It is 6 o’clock on a balmy Friday evening, and there’s an overflow crowd at the new Firefly near Anthem. The restaurant specializes in tapas, defined on its business card as “various small, savory dishes served as a snack or meal with beer, wine or sangria,” and everyone, it seems, is having the bacon-wrapped dates. Hey, we’re in the desert.
This Firefly—the third, in addition to the original on Paradise Road and a second on West Sahara Avenue, but not counting one Simmons briefly operated downtown at the Plaza—occupies a labyrinthine second-floor space on Eastern Avenue, with four small dining rooms and a patio.
This was at one time a steak house, and before that, an Italian restaurant, but owner John Simmons may have finally hit the mark in this tough location. He’s been tweaking this concept ever since he opened Firefly nine years back, originally conceived as a hangout for chefs to dine afterhours. And he’s improved the product steadily, if you don’t count a brief and unsuccessful flirtation with an Asian spinoff joined at the hip to the original restaurant.
After a 15-minute wait for a table, we are seated by the window in a room next to the bar facing three paintings with a Spanish flamenco dancer in various poses, her head turned. Thin slices of bread, Spanish green olives and a nice paprika-almond-honey butter are proffered.
My guests and I pretend we’re in Barcelona, and tell the waiter to start our paella, since the menu tells us there is a 40-minute wait for one, and to bring us a pitcher of red sangria. The wine, iced and fruity, is pleasant, with chunks of apple and sliced fresh orange bobbing to the top.
Our first cold tapa, a house chicken salad with grapes, almonds and a creamy cider dressing, has too much of what I’m told is mayonnaise. I push it aside. But then the hot tapas arrive, and all are reasonably good, except for the bland Padrón peppers, which need seasoning.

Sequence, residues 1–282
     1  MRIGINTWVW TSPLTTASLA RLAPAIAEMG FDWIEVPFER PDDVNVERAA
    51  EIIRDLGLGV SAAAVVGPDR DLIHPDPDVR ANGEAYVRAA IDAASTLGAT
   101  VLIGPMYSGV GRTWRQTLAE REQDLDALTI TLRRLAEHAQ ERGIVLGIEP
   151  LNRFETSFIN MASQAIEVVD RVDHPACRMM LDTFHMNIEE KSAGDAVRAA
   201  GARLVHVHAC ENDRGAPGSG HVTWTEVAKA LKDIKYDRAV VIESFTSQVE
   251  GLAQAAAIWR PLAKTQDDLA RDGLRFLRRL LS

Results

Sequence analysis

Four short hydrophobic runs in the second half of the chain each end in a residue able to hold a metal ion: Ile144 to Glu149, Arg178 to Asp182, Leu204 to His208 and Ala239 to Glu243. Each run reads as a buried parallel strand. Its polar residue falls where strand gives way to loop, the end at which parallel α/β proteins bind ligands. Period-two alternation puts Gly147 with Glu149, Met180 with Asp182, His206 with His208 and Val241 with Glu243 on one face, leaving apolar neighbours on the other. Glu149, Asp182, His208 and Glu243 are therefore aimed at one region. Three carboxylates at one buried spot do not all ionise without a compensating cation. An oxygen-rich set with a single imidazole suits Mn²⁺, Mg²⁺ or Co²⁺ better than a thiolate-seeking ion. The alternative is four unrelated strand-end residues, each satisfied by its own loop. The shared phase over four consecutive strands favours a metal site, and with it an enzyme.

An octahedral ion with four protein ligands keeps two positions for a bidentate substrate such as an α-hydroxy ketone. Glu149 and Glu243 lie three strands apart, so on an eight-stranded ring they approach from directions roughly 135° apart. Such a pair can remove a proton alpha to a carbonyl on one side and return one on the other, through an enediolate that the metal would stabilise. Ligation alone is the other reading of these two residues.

Thai beef salad is especially good and—not Thai in the least—is redolent of sesame oil, and tasting Korean, if anything being mainly lettuce, tomato and slabs of thinly pounded, seared beef. Firefly fish sticks, two huge filets of tilapia lightly breaded with panko breadcrumbs accompanied by the spicy house tartar sauce, is a bargain at $6.50. The dish is almost the size of the outrageously priced fish and chips I had at Gordon Ramsay Steak a few weeks back ($44, minus the chips, here.)
There isn’t much new here, though the fish sticks and baked tetilla (a cheese fondue studded with chorizo and tomato, served in a small casserole dish) came after the original menu was developed.
Ham-and-cheese croquettes, a pair of fried cylinders, ooze Manchego when cut open, and are quite good, although I’d prefer that the taste of ham was more apparent. After a few dishes are mistakenly brought to our table (and sent back), the paella arrives. In fact, it’s been closer to an hour, but we aren’t in a mood to complain. Considering the price, the size and the quality, we’re very happy. This is the best neighborhood-joint paella in the city.
We chose mixed paella, Atasca rice with a crusty top (called socorrat in Valencia, Spain, where paella originated), lots of clams, mussels, shrimp and chicken, plus chorizo, peppers and tomatoes, and it’s far more than we can eat. OK, you can’t really taste much saffron, but at $24, it’s a fair deal.
Dessert is warm chocolate and cherry bread pudding, and so what if the vanilla ice cream topping has freezer burn? Maybe next time, we’ll get the bacon-wrapped dates for dessert instead. Simmons has taken a sophisticated European mode of dining and gone mainstream with it, but with this Henderson restaurant, has probably exhausted his reasonable options.
Three’s the charm, if you don’t count that one downtown.